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I'm developing the simple Tic Tac Toe game in Java and got stuck on the game loop architecture.

The game must support local, remote and automatic players. The graphical interface is based on JavaFX.

How can I best structure the game loop so that the game logic is as separate as possible from the graphic interface?

I have thought of two approaches to solve this problem

Approach 1 - wait/notify

The simplest approach I thought of is to develop classes for each type of player (remote, interactive and automatic) and implement the necessary code within the mark (Board) method. The update method iterates the players and for each one executes the mark method. In the case of the AI, no problem, but in the case of the interactive player I would find myself having to pause the current thread while waiting for input from the graphic interface thread. A solution that does not convince me.

public synchronized void mark(Board board) {
    nextMarkLocation = null;
    try {
        if(nextMarkLocation == null) {
            wait();
        }
    } catch (InterruptedException e) {
        // handling
    }

and

public synchronized void setNextMarkLocation(Location location) {
    nextMarkLocation = location;
    notify();
}

Approach 2 - expose methods

The second approach would be to implement the methods for setting the current player's action in the game class. In this case, at each execution of the update method the routine would be the following (pseudo code):

public void update() {
    var player = getCurrentPlayer();
    var location = player.getNextMarkLocation();
    var symbol = player.getSymbol();
    board.markCell(location, symbol);
    updateCurrentPlayer();
}

The GUI will take care of updating itself according to the update of the match and setting the action for the current player. Here a check should be placed on the GUI owner. If the current player is not the same as the GUI owner, the game must ignore the action.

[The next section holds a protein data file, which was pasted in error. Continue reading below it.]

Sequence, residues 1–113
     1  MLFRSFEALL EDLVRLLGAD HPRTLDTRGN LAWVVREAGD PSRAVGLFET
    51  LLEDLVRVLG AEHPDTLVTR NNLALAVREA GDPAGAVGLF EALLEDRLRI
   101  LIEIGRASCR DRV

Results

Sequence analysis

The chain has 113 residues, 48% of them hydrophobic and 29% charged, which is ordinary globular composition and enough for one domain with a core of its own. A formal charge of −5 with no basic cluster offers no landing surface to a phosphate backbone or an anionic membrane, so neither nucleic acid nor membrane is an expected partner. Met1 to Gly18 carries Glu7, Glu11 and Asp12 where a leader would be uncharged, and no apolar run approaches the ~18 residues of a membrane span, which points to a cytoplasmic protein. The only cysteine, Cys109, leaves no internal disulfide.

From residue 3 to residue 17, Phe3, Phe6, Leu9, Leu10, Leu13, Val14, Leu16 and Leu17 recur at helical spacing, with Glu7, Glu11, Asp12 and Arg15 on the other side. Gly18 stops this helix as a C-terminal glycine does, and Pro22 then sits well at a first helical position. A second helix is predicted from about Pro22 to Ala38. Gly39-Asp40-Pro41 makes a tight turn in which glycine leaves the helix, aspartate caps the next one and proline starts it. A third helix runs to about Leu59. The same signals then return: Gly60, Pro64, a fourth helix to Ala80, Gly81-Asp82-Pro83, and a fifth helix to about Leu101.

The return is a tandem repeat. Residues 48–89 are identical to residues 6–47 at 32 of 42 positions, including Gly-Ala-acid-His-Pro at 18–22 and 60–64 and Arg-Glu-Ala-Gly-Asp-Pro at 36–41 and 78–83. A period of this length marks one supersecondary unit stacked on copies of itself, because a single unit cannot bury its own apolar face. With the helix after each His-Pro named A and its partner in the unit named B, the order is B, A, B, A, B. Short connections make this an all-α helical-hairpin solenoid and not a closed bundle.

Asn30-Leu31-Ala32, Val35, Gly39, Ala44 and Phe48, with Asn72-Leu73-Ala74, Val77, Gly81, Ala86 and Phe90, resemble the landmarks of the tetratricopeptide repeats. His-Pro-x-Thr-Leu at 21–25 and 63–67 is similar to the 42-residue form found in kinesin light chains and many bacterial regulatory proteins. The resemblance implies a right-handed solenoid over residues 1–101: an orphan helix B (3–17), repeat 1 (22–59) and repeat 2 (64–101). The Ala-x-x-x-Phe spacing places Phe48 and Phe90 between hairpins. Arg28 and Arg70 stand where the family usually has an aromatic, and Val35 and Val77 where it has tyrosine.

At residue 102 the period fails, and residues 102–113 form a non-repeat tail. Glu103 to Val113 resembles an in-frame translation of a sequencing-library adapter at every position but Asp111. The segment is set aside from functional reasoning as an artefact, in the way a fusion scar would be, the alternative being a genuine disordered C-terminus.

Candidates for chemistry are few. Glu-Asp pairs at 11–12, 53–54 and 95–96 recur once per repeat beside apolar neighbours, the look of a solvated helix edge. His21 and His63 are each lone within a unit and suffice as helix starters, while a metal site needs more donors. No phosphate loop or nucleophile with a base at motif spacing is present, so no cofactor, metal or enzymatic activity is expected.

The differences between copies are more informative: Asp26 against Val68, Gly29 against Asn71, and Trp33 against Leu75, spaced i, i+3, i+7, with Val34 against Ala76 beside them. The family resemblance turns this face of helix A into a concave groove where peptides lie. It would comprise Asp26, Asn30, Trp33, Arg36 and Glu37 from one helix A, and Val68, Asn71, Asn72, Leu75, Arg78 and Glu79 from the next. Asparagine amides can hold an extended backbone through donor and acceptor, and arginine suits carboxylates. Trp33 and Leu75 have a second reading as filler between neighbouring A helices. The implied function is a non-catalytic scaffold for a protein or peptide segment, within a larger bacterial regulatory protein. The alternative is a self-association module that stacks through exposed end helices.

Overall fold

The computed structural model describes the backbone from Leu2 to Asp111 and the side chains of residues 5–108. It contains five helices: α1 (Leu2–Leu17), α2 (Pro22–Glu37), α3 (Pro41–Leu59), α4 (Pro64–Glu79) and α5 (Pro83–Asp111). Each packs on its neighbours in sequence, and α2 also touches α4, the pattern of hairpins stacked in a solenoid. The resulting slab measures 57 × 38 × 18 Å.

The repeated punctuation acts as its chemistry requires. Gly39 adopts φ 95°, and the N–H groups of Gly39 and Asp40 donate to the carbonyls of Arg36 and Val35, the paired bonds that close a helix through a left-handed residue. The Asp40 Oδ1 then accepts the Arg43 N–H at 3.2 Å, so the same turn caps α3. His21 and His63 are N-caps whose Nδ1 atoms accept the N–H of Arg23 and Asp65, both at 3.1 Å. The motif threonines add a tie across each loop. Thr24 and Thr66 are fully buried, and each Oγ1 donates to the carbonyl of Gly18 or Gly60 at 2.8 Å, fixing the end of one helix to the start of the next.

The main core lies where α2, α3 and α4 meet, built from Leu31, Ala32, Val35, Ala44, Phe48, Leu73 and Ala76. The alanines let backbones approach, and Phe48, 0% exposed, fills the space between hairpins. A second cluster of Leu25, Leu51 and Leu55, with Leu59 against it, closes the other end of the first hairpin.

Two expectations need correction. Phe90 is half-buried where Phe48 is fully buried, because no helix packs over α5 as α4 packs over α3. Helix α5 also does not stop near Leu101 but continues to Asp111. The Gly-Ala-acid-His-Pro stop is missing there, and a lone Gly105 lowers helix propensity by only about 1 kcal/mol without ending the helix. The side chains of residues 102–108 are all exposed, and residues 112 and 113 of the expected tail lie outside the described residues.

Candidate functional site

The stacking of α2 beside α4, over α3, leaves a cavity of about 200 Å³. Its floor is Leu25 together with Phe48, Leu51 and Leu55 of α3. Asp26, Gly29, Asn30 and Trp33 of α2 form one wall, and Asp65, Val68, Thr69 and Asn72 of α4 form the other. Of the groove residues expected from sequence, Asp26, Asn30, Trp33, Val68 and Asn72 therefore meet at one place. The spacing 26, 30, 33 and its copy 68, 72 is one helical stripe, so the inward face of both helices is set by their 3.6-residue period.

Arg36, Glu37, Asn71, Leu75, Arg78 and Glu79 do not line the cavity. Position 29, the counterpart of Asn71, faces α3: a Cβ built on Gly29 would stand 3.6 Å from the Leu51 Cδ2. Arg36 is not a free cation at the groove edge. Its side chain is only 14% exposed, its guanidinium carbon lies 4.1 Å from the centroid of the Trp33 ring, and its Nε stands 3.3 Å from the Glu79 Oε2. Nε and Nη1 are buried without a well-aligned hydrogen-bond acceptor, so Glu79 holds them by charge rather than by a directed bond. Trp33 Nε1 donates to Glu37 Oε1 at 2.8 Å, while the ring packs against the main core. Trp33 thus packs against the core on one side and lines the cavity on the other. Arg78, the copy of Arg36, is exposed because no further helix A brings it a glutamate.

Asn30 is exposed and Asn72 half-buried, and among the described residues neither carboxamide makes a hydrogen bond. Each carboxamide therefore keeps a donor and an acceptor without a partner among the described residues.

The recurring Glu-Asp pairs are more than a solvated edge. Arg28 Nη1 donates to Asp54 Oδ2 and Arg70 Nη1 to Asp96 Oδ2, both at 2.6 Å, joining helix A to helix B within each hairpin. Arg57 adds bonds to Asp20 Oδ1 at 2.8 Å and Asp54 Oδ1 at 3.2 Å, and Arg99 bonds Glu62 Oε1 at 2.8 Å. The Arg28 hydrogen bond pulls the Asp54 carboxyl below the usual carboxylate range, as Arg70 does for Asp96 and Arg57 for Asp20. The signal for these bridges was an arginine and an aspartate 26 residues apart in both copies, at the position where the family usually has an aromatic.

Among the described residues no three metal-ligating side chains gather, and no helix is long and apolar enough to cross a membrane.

But the problem would be the reverse: And the automatic players?

Do you have any suggestions? Thanks

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  • \$\begingroup\$ polling vs. listener... sounds a bit off topic \$\endgroup\$ – Martin Frank Feb 18 at 7:11
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First of all: M-VC

Separate Game from GUI - a suitable approach might be M-VC (Model-View/Controller). If you do it right, there should be NO REFERENCE on the game towards the controller, but the controller knows about the game. Doing it that way you can create controllers for any GUI you want (Android, JavaFX, TCP/IP) without ever changing the game.

Listener vs Polling

since you have a turn-based application you don't need neither nor. It is sufficient to get GUI-updates only when some action is performed. Actions are performed, when you press a button on your GUI (e.g. when you push with your mouse on the draw card button). To react on such an event you usually add action Listeners on the according buttons and delegate this action to the model, wich itself returns an animation. The controller is now responsible to draw this animation in a fancy way

enter image description here

AI-Turn

so what to do when a Player is an AI player? Your Model should already provide methods for the human player, e.g. Animation drawCard() that executes an action and returns an animation. When a computer player now performs its turn it does the same as a human player, but it returns a bulk of action for it's whole turn see List<Animation> Player.playAiTurn() where all the actions from the ai player are performed and accumulated. The ai turn starts immediately after the human player ended its turn. Again the controller is responsible for drawing these animations in a fancy way.

AI vs. AI

same applies as by AI vs. human

example snippets

AI vs. AI turn is controlled in the controller:

private final Game game;

public Controller(Game game){
    this.game = game;
}

public void startGame(){
    do {
        Player current = game.getCurrentPlayer();
        if(player.isAI()){
            List<Animation> animations = current.performAiTurn();
            drawAnimations(animations); //in a fancy way
            game.endTurn();
        }
        //else wait for human player to end its turn via button
    }while(!game.isGameOver());
}
| improve this answer | |
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  • 1
    \$\begingroup\$ excellent answer, thank you very much \$\endgroup\$ – Sebastiano Verdolini Feb 18 at 17:47
  • \$\begingroup\$ Thank you very much for your kind comment... happy coding! \$\endgroup\$ – Martin Frank Feb 18 at 18:48

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